- Consider each idea you have about the text and classify it into the appropriate circle, writing the idea onto the circle.
- Once your ideas are exhausted, consider how the circles relate to each other. Do they overlap at some point? Are they entirely separate? This relationship is your ‘reading’.
- Use the circles as a guide of how to express your understanding of the text. Use the titles of the circles to help describe what you understand and what is leading you to that understanding.
- Assess which ideas are most influential to your reading. Which circle informs your response the most?
- Write a summary of your reading as a formal exercise in class or at home.
Having students practise this articulation of ‘reading’ will be important throughout the Australian Curriculum: Literature course, so this might be an activity that you return to, and hence provide students with more permanent or laminated circles.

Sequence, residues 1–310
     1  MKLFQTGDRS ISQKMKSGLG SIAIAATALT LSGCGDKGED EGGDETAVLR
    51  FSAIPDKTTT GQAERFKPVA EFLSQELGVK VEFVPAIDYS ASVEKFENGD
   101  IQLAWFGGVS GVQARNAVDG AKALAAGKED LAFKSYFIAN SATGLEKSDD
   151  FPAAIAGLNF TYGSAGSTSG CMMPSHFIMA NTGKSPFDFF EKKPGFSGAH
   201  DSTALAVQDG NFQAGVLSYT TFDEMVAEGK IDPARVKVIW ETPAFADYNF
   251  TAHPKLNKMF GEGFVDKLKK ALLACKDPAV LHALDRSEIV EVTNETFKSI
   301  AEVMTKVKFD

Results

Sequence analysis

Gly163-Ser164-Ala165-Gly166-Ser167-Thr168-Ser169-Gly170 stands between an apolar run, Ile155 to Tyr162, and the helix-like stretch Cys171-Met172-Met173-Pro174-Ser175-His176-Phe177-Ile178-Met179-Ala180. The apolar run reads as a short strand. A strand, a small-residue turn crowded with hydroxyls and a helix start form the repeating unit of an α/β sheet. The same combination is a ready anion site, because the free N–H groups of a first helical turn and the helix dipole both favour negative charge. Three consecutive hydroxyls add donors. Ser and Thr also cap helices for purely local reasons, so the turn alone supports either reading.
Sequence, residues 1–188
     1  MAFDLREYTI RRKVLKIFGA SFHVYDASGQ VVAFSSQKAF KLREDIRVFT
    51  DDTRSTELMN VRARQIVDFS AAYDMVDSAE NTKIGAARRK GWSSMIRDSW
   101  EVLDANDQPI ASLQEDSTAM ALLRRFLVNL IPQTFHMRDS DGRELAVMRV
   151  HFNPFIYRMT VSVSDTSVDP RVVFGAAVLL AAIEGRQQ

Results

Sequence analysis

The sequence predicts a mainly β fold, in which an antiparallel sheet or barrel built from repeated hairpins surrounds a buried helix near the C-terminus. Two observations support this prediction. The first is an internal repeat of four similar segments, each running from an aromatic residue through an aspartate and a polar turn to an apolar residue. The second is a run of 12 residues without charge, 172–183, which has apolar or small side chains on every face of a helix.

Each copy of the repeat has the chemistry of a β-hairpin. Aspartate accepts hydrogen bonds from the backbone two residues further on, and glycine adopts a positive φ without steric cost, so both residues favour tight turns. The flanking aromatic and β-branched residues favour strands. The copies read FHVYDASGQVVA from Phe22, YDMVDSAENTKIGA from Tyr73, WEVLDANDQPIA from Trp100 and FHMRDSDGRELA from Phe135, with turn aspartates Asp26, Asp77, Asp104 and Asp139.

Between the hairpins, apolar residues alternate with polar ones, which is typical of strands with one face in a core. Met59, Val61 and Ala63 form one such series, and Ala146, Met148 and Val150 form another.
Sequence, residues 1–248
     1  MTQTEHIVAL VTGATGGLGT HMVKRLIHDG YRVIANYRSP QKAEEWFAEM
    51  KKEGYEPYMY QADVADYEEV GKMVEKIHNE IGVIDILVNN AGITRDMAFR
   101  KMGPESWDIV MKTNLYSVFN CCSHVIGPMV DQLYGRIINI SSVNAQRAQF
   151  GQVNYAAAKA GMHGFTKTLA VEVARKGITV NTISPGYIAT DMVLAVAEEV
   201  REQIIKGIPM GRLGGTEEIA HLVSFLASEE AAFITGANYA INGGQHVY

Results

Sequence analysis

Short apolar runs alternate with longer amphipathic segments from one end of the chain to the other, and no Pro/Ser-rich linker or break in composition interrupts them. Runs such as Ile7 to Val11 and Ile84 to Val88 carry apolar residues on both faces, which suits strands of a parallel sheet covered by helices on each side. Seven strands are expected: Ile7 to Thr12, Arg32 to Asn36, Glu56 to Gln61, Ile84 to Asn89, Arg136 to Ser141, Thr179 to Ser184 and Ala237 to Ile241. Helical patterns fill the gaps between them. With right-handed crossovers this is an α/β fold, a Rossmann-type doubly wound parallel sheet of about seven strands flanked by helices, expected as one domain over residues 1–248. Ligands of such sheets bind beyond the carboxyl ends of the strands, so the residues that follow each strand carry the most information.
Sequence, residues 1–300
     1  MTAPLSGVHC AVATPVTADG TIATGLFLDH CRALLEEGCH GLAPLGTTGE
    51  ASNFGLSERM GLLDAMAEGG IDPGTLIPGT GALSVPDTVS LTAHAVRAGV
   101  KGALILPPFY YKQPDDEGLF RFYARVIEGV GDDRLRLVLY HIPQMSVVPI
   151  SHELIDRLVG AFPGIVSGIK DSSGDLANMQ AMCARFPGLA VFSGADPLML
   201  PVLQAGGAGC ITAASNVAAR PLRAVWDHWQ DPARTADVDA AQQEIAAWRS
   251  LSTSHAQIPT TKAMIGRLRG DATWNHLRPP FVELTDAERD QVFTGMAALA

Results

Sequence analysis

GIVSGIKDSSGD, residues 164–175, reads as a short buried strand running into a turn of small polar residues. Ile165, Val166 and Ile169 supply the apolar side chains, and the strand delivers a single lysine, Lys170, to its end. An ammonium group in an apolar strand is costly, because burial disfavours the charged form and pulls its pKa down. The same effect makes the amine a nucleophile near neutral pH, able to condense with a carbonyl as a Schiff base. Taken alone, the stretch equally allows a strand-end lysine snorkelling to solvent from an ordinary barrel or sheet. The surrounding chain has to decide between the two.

The writer’s craft including such elements as:
- Imagery and art: vision and perspective. Dobson’s interest and involvement in visual art, as well as poetry, can be clearly seen through her treatment of vision, light and perspective in her written work. Not only are these central themes in her work but she also creates a sense of each aspect through language.
- ‘The Eye’: vision and glimpses. Seeing is an important motif in Dobson’s work. Multiple examples of imagery that deal with sight, and what can be seen or perhaps only half glimpsed, fill her work. As a class, explore the poem ‘The Eye’ as an example of this.
- Highlight all the words in the poem related to sight and seeing. Identify which are symbols and which are examples of imagery.